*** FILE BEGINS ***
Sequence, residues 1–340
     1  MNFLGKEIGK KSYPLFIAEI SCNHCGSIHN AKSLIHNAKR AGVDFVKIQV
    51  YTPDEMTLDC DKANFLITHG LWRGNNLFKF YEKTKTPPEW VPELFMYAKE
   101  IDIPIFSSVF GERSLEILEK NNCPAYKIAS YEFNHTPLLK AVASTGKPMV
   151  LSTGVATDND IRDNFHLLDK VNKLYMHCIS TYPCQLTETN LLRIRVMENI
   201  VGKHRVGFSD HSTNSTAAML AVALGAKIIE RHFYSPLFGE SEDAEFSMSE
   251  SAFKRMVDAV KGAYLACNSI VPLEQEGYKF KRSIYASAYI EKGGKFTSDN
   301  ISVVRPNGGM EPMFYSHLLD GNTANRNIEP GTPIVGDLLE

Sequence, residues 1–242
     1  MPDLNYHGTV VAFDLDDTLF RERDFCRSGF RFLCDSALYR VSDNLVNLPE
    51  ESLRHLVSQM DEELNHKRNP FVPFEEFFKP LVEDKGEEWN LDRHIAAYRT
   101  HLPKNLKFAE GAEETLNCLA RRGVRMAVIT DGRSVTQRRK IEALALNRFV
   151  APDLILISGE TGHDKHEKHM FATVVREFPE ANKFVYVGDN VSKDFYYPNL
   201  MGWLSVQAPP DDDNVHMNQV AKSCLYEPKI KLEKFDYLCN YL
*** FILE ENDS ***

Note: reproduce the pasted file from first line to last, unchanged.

Sequence, residues 1–340
     1  MNFLGKEIGK KSYPLFIAEI SCNHCGSIHN AKSLIHNAKR AGVDFVKIQV
    51  YTPDEMTLDC DKANFLITHG LWRGNNLFKF YEKTKTPPEW VPELFMYAKE
   101  IDIPIFSSVF GERSLEILEK NNCPAYKIAS YEFNHTPLLK AVASTGKPMV
   151  LSTGVATDND IRDNFHLLDK VNKLYMHCIS TYPCQLTETN LLRIRVMENI
   201  VGKHRVGFSD HSTNSTAAML AVALGAKIIE RHFYSPLFGE SEDAEFSMSE
   251  SAFKRMVDAV KGAYLACNSI VPLEQEGYKF KRSIYASAYI EKGGKFTSDN
   301  ISVVRPNGGM EPMFYSHLLD GNTANRNIEP GTPIVGDLLE

Sequence, residues 1–242
     1  MPDLNYHGTV VAFDLDDTLF RERDFCRSGF RFLCDSALYR VSDNLVNLPE
    51  ESLRHLVSQM DEELNHKRNP FVPFEEFFKP LVEDKGEEWN LDRHIAAYRT
   101  HLPKNLKFAE GAEETLNCLA RRGVRMAVIT DGRSVTQRRK IEALALNRFV
   151  APDLILISGE TGHDKHEKHM FATVVREFPE ANKFVYVGDN VSKDFYYPNL
   201  MGWLSVQAPP DDDNVHMNQV AKSCLYEPKI KLEKFDYLCN YL